Spring 2016 Course Schedule

Lgl Eng for Lawyers (LAW-096-001)
Hein-Dunne

Meets: 01:00 PM - 02:50 PM (TTh) - Room NT03

Enrolled: 1 / Limit: 25

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Notices

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Description

American University International Legal Studies Program American University International Legal Studies Program ENGLISH for LAWYERS Marleen Hein-Dunne Law- course #096 Spring 2016 Email: marleenhein@verizon.net or mhein@wcl.american.edu Planned Individual Consultations DEFINITION English for Lawyers is a content-based second language learning course. The course promotes advanced language proficiency and production through legal content, developing work and study skills necessary for international lawyers. Students will 1) develop the writing skills required in an American academic legal setting and 2) learn to communicate orally as a professional using clear English legal discourse. PURPOSE English for Lawyers supports and is taught in conjunction with Legal Research and Writing. The courses share the same content base and writing assignments, but EFL provides additional opportunities for improving both writing and speaking skills.. INSTRUCTIONAL OBJECTIVES: After revision of at least one draft with planned individual consultations, students will produce final drafts of the following written assignments for their Legal Research & Writing law firm tutors: 1) a business letter; 2)Summary of an article and Essay; 3) a case brief and Case Summary; 4) a memo; and 5) a court reflection. Students will also make one or two oral presentations and write a two-part Midterm Examination. English for Lawyers impacts student writing on three levels- sentence, paragraph, and organization: CLEAR / ACCURATE EXPRESSION: Correct Grammar Subordination Paraphrasing Coordination Proper Mechanics Terms of Art Revising: writer- to reader-centered text EFFECTIVE STYLE: Learn to use plain English vs. Legalese. Clarity (coherence) Unity and Flow (signals, cohesion) Parallel Structure Concision (structure) Emphasis: sentence level List Structure Precision Emphasis: paragraph level Critical Thinking Logical relationships (transitions) Editing: form and content EFFECTIVE ORGANIZATION Bridging the gap between expository prose and writing for legal purposes includes methods of paragraph development, topic and transition sentences, thesis statements in scholarly writing, summarizing, synthesizing, and citation without plagiarizing or copying text. REQUIREMENTS TO RECEIVE A PASSING GRADE Successful completion of the English for Lawyers course requires full attendance, punctuality, and timely production of all oral and written assignments. If there is more than one unexcused absence, you may not receive a passing grade for the course. Legal English certificates are awarded upon successful completion of the program. WCL HONOR CODE In compliance with the American University, Washington College of Law Honor Code, student work must be original and not copied from any source. Foreign-trained lawyers will learn to develop, organize, and communicate critical thinking, use someone else’s words and ideas appropriately, and attribute works to their original source. “The notion of analysis in the common law context involves not only providing a solution to a problem, but also substantiating it, by way of reasoned analysis and/ or the appropriate case law. Improper referencing is a violation of the WCL Honor Code.” Fatal Flaw in exam/ papers, Dr. L.Feris, ILSP 7/31/01 “By reading [a paper], you can personally evaluate the student’s writing, research, logic and judgment.” Judge Alex Kozinski, Forward, Academic Legal Writing by E. Volokh. In sum, serious attention is given to the crucial link between critical thinking and academic writing and reading in an American legal context. For many international graduate students, lawyers and judges, the process of writing English contrasts with the purpose and conventions associated with writing in their native language, their culture, and their academic institutions. In this common law context, through this course, learning how to use legal English is learning legal culture in an American academic setting. Please turn off all cell phones before class; please use your laptop only to read class materials, not to check your email or surf the web. REQUIRED TEXTS 1. Introduction to Legal English, 3rd ed., Mark Wojcik, International Law Institute, 2009 (Legal terminology, basic reasoning, instrumental writing) 2. Just Writing: Grammar, Punctuation, and Style for the Legal Writer, Fourth Ed. Aspen Law & Business, 2013 (Effective legal writing with ESL coverage) Recommended Texts 1. Webster’s American English pocket dictionary and/ or Longman Advanced American dictionary, Pearson Education Ltd. 2000 (with examples for multilingual students) 2. Law dictionaries (ie., Black’s Law Dictionary)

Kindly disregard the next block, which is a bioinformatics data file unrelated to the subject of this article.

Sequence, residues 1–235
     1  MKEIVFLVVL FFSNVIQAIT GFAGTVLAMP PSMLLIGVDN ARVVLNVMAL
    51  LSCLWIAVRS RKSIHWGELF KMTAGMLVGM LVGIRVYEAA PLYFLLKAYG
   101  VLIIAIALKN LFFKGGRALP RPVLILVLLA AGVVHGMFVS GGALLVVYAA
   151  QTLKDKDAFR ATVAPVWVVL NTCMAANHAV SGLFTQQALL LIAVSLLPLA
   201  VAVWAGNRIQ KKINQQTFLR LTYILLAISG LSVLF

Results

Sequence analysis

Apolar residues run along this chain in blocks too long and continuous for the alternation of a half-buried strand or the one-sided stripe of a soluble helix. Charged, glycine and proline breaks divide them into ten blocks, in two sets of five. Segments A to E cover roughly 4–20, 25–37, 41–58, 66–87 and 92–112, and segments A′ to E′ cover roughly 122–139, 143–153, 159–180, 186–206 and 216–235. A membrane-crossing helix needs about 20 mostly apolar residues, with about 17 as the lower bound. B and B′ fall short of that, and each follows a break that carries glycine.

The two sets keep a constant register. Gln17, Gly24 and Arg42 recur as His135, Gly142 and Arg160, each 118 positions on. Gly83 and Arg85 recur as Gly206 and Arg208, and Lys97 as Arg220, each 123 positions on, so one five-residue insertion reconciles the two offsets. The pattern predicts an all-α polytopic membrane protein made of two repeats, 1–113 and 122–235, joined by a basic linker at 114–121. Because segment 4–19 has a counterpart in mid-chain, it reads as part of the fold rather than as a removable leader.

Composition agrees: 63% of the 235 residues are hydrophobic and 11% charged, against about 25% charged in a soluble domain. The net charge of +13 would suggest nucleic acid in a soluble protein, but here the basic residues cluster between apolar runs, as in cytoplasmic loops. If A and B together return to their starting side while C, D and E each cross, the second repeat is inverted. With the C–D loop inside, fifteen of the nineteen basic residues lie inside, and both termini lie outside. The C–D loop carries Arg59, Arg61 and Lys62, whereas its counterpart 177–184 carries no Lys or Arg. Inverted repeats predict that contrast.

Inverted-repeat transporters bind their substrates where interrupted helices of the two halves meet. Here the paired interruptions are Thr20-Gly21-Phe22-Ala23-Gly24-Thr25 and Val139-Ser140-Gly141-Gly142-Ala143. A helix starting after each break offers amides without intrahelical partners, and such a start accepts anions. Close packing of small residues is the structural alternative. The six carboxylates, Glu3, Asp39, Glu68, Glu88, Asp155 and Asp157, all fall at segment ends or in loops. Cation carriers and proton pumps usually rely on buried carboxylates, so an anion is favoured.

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Syllabus

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